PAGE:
Mohammed bin Nayef replaced by Mohammed bin Salman, 31-year-old in charge of economy and war in Yemen
Mohammed bin Salman with Crown Prince Mohammed bin Nayef during the 136th Gulf Cooperation Council summit in Riyadh. Photograph: Fayez Nureldine/AFP/Getty
King Salman of Saudi Arabia has ousted his nephew as crown prince and replaced him with his son, Mohammed bin Salman, confirming the 31-year-old as heir and consolidating the kingdom’s move to reassert its influence as a regional power.
The move was announced by royal decree just after midnight, stunning the Saudi establishment, which has seen Bin Salman’s profile soar over the past three years but regarded the role of the former crown prince, Mohammed bin Nayef, a veteran security tsar, as secure.
President Trump called Bin Salman on Wednesday to congratulate him on his “recent elevation”.
“The president and the crown prince committed to close cooperation to advance our shared goals of security, stability, and prosperity across the Middle East and beyond,” a White House statement said, adding that the two leaders talked about cutting off support for terrorists, resolving Saudi Arabia’s dispute with Qatar, economic cooperation and “a lasting peace between the Israelis and the Palestinians.”
A source familiar with Trump foreign policy and national security said that Bin Salman was seen by the White House as a key ally.
“The circles who have worked on the bridge between this administration and the Arab coalition, they know each other and they know Prince Mohammed is a solid ally,” the source said. “The consolidation of Prince Mohammed’s influence within the government of Saudi Arabia is going to be seen as a positive development for the administration ... and now there are less risks that there will be opposition to him in the near future.”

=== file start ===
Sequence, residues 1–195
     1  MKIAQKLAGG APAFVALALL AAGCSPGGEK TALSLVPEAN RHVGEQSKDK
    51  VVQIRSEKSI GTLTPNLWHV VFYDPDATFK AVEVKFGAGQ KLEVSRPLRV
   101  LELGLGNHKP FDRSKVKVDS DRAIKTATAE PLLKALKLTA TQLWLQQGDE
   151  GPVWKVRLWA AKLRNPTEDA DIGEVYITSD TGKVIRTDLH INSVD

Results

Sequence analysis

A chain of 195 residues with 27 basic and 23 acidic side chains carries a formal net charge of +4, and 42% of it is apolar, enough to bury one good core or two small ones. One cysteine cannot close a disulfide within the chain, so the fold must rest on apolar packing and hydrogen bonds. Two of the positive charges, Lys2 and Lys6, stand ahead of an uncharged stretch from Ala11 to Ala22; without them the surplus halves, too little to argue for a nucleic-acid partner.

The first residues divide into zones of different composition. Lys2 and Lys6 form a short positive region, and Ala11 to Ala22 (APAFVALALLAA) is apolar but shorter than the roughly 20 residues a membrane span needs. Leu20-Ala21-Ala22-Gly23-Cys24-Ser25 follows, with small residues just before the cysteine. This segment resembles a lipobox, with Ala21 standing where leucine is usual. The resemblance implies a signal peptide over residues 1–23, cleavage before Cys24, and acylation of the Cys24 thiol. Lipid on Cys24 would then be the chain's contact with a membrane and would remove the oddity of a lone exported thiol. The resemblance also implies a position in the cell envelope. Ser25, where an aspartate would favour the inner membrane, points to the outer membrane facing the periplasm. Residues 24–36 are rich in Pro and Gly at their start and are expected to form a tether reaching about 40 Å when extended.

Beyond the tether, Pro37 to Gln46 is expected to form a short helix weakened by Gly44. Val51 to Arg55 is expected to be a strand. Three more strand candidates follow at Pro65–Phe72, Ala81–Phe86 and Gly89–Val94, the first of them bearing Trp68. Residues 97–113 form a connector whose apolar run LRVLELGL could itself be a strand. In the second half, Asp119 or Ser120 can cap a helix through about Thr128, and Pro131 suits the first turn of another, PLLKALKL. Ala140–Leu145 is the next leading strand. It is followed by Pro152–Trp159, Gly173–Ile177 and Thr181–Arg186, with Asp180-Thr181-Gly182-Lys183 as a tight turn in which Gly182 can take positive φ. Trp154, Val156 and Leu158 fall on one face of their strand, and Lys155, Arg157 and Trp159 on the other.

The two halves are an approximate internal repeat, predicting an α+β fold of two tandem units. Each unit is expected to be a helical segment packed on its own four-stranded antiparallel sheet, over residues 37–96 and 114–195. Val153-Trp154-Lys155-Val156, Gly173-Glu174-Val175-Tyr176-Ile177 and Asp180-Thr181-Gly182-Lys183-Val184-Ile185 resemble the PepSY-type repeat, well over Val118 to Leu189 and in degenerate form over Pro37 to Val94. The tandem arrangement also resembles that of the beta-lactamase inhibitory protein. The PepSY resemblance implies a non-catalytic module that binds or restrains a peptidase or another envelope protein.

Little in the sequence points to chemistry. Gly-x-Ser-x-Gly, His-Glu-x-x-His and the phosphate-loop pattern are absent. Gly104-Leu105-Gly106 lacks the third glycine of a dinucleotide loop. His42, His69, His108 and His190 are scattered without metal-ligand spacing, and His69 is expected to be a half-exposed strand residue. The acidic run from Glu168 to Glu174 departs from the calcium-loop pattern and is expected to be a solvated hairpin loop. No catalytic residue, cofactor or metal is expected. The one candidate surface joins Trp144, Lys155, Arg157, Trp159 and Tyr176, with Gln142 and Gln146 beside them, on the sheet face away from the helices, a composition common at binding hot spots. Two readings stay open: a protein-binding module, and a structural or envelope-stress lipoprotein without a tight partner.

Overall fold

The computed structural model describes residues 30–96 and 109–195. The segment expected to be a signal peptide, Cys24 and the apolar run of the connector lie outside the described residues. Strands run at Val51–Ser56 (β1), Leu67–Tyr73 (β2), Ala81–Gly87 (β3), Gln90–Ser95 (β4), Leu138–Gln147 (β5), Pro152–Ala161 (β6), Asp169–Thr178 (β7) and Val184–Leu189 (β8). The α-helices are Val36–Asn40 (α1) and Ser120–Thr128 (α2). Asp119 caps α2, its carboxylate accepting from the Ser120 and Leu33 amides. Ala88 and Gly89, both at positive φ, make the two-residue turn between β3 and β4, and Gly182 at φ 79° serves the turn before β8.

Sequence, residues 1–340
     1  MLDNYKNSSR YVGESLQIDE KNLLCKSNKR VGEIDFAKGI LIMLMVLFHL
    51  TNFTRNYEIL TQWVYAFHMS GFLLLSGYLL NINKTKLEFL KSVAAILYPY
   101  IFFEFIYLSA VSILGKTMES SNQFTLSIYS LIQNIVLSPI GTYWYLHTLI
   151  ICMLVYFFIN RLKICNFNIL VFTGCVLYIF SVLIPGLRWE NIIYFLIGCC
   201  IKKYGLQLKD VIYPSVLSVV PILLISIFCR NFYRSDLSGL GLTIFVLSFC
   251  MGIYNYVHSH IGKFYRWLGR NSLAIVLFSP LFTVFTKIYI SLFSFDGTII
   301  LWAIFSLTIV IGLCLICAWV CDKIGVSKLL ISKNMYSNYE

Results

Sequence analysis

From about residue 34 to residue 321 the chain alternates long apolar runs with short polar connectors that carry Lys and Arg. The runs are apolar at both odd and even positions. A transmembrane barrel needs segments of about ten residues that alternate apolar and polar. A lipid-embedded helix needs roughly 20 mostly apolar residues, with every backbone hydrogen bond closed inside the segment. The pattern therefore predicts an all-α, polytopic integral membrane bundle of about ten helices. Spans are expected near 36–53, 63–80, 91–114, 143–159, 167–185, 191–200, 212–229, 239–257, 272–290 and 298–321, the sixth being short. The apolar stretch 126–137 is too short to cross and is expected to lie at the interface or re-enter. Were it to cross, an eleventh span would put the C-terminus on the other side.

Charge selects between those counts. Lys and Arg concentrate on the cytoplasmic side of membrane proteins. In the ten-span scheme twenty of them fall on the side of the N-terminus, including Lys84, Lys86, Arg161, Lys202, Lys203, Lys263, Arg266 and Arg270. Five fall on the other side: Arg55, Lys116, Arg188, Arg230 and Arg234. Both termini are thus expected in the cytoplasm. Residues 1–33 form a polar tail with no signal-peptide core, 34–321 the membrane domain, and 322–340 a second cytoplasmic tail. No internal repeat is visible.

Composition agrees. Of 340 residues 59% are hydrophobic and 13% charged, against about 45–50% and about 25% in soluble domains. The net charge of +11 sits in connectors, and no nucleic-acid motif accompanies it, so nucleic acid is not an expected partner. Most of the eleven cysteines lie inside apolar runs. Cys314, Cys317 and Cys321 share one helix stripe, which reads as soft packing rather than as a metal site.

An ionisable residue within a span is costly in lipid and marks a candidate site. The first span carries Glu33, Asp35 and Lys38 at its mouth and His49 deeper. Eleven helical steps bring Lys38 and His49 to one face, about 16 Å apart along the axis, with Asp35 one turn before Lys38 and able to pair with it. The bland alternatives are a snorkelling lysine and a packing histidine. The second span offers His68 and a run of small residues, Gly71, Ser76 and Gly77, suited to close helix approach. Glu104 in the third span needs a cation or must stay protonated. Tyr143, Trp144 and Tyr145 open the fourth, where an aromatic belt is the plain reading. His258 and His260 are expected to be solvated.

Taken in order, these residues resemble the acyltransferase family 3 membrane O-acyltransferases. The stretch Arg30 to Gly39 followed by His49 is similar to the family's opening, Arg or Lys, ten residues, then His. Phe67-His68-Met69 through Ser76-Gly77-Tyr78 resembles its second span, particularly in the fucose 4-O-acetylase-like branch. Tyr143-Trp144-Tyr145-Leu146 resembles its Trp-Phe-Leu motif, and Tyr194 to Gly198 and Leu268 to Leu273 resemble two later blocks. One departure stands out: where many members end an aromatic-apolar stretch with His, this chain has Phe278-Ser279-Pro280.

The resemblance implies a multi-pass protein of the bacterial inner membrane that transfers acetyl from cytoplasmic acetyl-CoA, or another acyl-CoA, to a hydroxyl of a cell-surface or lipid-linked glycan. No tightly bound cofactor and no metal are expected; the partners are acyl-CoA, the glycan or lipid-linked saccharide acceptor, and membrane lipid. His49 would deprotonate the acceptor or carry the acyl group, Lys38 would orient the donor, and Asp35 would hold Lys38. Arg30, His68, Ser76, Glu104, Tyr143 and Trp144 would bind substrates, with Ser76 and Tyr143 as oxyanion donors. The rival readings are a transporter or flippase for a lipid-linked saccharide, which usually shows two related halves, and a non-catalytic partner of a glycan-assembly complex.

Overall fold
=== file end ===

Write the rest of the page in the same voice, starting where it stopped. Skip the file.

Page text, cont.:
The upheaval follows a dizzying series of moves from the usually cautious kingdom, which in recent weeks has seen it recalibrate relations with Washington and open a diplomatic offensive against Qatar, led by Bin Salman’s office, while pressing ahead with a war in Yemen and an ambitious economic and cultural overhaul at home.
Bin Salman has been central to the changes, which have helped his profile and powers grow rapidly under the tutelage of an 81-year-old monarch who has given him an almost free hand across most aspects of society.
By contrast, Bin Nayef, a former interior minister and intelligence chief, and more traditional US ally, had been increasingly marginalised and the decree removed him from all his positions. He had played little role in the reform programme and was given little face time with Donald Trump during the US president’s visit to Riyadh in May, which is widely seen to have precipitated the change in succession.
Iran’s state television, which reflects the views of Tehran’s leaders, called the Saudi appointment “a soft coup”. The two countries are involved in proxy conflicts across the Middle East and the Saudi-led blockade of Qatar came in part over its conciliatory relationship with Iran.
Guardian graphic | Source: The Economist, Washington Institute for Near East Policy
Bin Salman retains his role as defence minister and adds the position of deputy prime minister to his portfolio. He also chairs a weekly cabinet meeting that focuses on all aspects of Saudi society. The country’s allegiance council approved the changes by 31 out of 34 votes.